Archive for June 23rd, 2009

Bjork this weekend

June 23, 2009

Don’t forget!

Bergman’s House and Belongings Auctioned Off

June 23, 2009
Cineuropa has the story:
Ingmar Bergman’s iconic home on the Baltic island of Färö and some of his personal belongings (including the famous magic lantern) are up for auction, in accordance to the Swedish legendary filmmaker’s last wishes.

“This is my wish and no discussion or emotional tumult must come as a result,” said Bergman.

His house on Fårö has been up for auction by Christies since May 18, and potential buyers have until August 20 to make an offer on the estate worth at least €4m.

Bergman’s personal possessions will go under the hammer of Bukowski’s in Stockholm on September 28. Interested parties will have three days (September 24-27) to view the historical items, including his magic lantern, which triggered his desire to become a filmmaker; a decorative figurehead, used for his company Cinematograph’s logo, and featured in the film Persona; a 1965 b&w portrait of Bergman by legendary photographer Irving Penn; and the desk at which he wrote his screenplays.

The auction of Bergman’s house has already created much furore amongst many Swedish political and cultural personalities who accuse the government of not doing enough to preserve Bergman’s legacy. “I think it’s a real scandal that Sweden cannot protect the home of one of our greatest and most celebrated artists around the world,” said production designer Anna Asp, who collaborated with the Swedish master on his later films and won an Oscar for Fanny & Alexander.

The Fårö Bergman Centre Foundation, which currently owns Bergman’s estate, has been trying to raise funds to turn his house into a museum. It also holds the annual Bergman Week in Fårö, which kicks off tomorrow and runs through June 28.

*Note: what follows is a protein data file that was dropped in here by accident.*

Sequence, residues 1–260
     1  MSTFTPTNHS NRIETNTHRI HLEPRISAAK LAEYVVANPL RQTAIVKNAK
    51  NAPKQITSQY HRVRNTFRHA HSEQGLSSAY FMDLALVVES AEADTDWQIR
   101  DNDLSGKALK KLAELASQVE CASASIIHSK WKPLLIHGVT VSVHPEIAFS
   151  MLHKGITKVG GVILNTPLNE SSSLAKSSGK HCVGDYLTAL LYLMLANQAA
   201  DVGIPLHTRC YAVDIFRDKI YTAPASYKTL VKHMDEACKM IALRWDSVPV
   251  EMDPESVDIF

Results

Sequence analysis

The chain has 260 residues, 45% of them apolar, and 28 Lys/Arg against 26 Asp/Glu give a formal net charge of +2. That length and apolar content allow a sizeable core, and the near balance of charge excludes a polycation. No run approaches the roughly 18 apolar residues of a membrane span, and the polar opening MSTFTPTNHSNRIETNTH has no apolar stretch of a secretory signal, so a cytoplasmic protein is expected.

For special guests Wim Wenders, Mexican filmmaker Enrique Rivero (winner of the 2009 Ingmar Bergman Debut Award) and all the fans and friends of the Swedish director, this week’s gathering will feel like a second farewell to the iconic filmmaker who passed away on July 30, 2007 at the age of 89.

– Annika Pham

Amin Maher, Actor in Abass Kiarostami’s “Ten” and Son of Mania Akbari Arrested

June 23, 2009

This email just came across my desk from a colleague in Iran:

Amin Maher, the actor in Abass Kiarostami’s movie “Ten” and son of Mania Akbari artist and director got arrested. Mania states:” It was Tuesday around ten in the evening, when I first heard of my son’s arrest. I got shocked and I found myself in total despair. Amin is only seventeen years old and is currently in eleventh grade and attending the  program in his school. I immediately started to look for him, experiencing very hard and painful moments. Moments that neither cinema nor any other kind of art will ever be able to express. What I went through and witnessed that night is not easy to describe…I had no idea where they had taken my son to, therefore I stared looking in every ambulance, every police station and every
hospital in town. I came face to face with other parents looking for their children as well. Mothers screaming and calling the names of their sons and daughters. Fathers weeping silently. Terrified kids in police stations awaiting their faith…it was a total nightmare. A nightmare that will remain with all of us for the rest of our lives. It was early Wednesday morning when I finally found my son at the Pasdaran’s police station. The reasons for his arrest were that he was wearing a green band to show his support for Mr. Moussavi and also that he had been identified as an active participant during the presidential campaign. Finally on Wednesday he was released with the intervention of some friends, artists and some related police authorities. Amin had been  subjected to serious beatings and emotional disturbance. I felt ashamed of seeing him in his condition. I had created a false illusion for him regarding the country he had been born in, about prevailing humanism and democratic atmosphere. I had always encouraged him to consider going to top universities in Iran, instead of opting
for studying abroad. I remember talking to the press a while ago, mentioning humanity, the love for people, patriotism and the positive way of thinking towards a democratic society.

Unfortunately now I have to express my disagreement with the